Related's Equinox, SoulCycle Face Backlash From Stephen Ross' Trump Fundraiser
President Donald Trump's politics are causing more headaches for his real estate friends.
Stephen Ross is the man most responsible for the $25B Hudson Yards development in Manhattan, a soaring monument to wealth clad in glass and steel that has faced hefty criticism since it opened in March. But two of Ross' other investments through his business, the Related Cos., are enduring their own backlash after news broke that Ross was hosting a big-money fundraiser for Trump in the Hamptons.
The fundraiser, first reported by the Washington Post, is planned for Friday at Ross' home in Southampton. Tickets run from $100K for the lunch and a photo op with Trump to $250K for a chance to participate in a roundtable discussion for the president.
After news broke of the fundraiser, Ross' holdings felt an immediate backlash. The billionaire owns the NFL's Miami Dolphins, and wide receiver Kenny Stills posted on Twitter criticizing Ross, who founded a nonprofit aimed at promoting racial equality in sports.
Related also owns controlling interests in trendy fitness brands Equinox and SoulCycle, and those businesses issued statements Wednesdays distancing themselves from the chairman of their parent company, calling Ross a "passive investor."
"Many members raised their concerns about a political fundraiser taking place later this week," Equinox tweeted. "We want to let you know that Equinox and SoulCycle have nothing to do with the event and do not support it ... We believe in tolerance and equality, and will always stay true to those values. Mr. Ross is a passive investor in [and] is not involved in the management of either business."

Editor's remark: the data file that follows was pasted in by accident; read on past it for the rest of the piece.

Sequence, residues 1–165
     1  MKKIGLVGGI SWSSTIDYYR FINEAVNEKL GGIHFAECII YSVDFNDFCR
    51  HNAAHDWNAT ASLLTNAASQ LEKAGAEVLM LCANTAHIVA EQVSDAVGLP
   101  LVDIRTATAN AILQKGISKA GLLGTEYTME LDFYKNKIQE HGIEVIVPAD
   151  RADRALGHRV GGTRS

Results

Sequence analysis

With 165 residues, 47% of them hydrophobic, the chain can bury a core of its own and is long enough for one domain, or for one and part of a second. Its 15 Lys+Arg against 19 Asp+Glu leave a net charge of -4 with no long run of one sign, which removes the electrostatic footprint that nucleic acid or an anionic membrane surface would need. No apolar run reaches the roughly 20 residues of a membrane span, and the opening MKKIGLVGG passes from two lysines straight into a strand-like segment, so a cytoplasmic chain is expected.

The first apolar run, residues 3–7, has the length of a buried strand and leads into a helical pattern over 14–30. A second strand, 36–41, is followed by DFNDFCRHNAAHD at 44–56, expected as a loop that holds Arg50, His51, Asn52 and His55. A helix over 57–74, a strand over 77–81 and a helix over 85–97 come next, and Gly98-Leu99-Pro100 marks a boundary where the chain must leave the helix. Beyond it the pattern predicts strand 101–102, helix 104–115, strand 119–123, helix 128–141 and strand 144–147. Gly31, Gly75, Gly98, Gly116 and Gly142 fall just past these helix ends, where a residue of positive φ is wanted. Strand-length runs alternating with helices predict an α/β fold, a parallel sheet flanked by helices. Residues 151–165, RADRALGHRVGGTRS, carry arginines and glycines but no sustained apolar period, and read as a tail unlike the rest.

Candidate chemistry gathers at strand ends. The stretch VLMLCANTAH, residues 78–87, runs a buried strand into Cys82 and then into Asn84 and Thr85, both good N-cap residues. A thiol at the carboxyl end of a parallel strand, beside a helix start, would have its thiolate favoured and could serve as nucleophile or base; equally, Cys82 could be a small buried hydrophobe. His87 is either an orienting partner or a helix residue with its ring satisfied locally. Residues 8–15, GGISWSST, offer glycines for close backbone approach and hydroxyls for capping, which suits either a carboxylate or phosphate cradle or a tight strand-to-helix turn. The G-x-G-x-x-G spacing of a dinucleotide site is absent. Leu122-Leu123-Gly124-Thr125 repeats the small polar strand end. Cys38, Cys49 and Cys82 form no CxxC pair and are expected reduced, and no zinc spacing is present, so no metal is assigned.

The statement came after celebrities like comedian Billy Eichner — the voice of Timon in the remake of Disney's The Lion King — and Chrissy Teigen publicly declared they were canceling their Equinox memberships. Equinox and SoulCycle both have locations in Hudson Yards, and Equinox's first branded hotel opened in one of the megaproject's buildings.
Just contacted @Equinox to cancel my membership after many years. Money talks, especially with these monsters. If it’s too inconvenient for u to trade one LUXURY GYM for another, then you should be ashamed. (No disrespect to the many wonderful employees at my local Equinox). Bye!— billy eichner (@billyeichner) August 7, 2019
“I have known Donald Trump for 40 years, and while we agree on some issues, we strongly disagree on many others and I have never been bashful about expressing my opinions," Ross said in a statement, according to ABC News. "I have been, and will continue to be, an outspoken champion of racial equality, inclusion, diversity, public education and environmental sustainability, and I have and will continue to support leaders on both sides of the aisle to address these challenges."
Ross is not the first New York City real estate player with long-standing ties to Trump who has had to reckon with the fallout from that relationship.
"If you say anything out there that is any way supportive of Trump, you are [vilified],” Witkoff Group CEO Steve Witkoff told Bisnow in 2017.
Other players in the industry told Bisnow columnist Lois Weiss at the time they were getting frequent requests to denounce Trump. Trump's name has been removed from several New York City buildings because their residents viewed it as a negative brand association.